Not trusting anything at this point, I drove 150 miles to the rest area, and the hoe was already on the new truck. Realizing that the original guy was probably trying to feed his family, I paid the tow guy his $700 fee, and gave the rest to the original driver. I figured ripping him a new one was a waste of time.
The tow company was beyond amazing, and delivered my hoe to my driveway in one piece. I count myself lucky on so many counts.
Maybe I had too much faith in humanity, but I trusted that the owner of a DOT listed trucking company wouldn't risk his company by letting someone haul a 15,000 pound load with dangerous equipment.
Where did I go wrong? How can I do this better if I need to truck something again? I want to learn from this unfortunate experience. Someone could have gotten killed, and my hoe might have ended up in the ditch.
I did get quotes from Fr8star, but a lot of those brokers seemed as sleazy as well. I did get a lead from the selling dealer, but the lead wanted to charge me for a single, custom load out and back, and the price was over $5000.
Thinking back, although the trucking company guy's name, company name, and phone number jived with multiple web sites, I had no contact info on these guys other than a phone. They could easily have been scammers, who picked up my hoe, trucked it to a NY port, and put it in a container on the way to Mexico.
Train wreck of a transport. Where did I go wrong?
Page 1 of 2
Instead of fooling around with forums or other such sites, you could have asked local equipment sales companies, like that Deere shop, for info on who they use to haul their machines.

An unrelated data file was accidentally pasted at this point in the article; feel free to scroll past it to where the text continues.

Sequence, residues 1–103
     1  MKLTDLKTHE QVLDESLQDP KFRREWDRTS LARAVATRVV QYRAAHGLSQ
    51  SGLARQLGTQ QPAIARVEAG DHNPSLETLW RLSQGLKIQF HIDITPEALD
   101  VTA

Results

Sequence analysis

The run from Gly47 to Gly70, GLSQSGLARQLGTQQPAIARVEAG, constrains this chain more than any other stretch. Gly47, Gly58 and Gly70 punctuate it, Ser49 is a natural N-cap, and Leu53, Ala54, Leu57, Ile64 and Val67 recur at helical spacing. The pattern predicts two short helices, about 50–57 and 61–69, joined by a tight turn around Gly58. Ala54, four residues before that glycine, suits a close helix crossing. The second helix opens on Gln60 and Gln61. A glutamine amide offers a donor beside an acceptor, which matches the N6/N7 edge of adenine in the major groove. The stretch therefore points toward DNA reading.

Sorry your experience worked out that way.
I dont like saying, "i told you so", but we did.
It still ended up costing you essentially exactly what our bottom dollar would be, had you waited for say a monday pickup, AND a world of headache and worry.
Live and learn i guess
Next time call a reputable flatbed company for a rate quote.
They will have the proper equipment and procedures to move your equipment in a safe timely manner.
Probably cost a bit more than brokering the load, or maybe book a partial if time is not a huge factor, but like they say, you get what you pay for.
Ask the dealer who they deal with most often. They know who's good and who isn't.
I don't really think much heavy equipment gets brokered out. The folks that own equipment know who to use and who not to and often deal direct with the trucking.
Next time call Melton Truck Lines. They would’ve tarped that tractor and no one but you and them would’ve known what was on that trailer. I ain’t kidding.
They’d tarp a load of sod grass in the rain!
This kind of stuff is becoming more & more common. Even around here in my neck of the rural woods there is no shortage of guys with a pick-up & gooseneck hauling "for-hire" that have no operating authority, little experience, & no commercial insurance. Of course their "rates" are reflective of that. Should they wreck and your equipment is destroyed though, good luck getting an insurance settlement from them.
They simply bypass the checkpoints, as they know where they locally set-up, or are telling the DOT that the freight they're carrying is theirs (private carrier)....
Page 1 of 2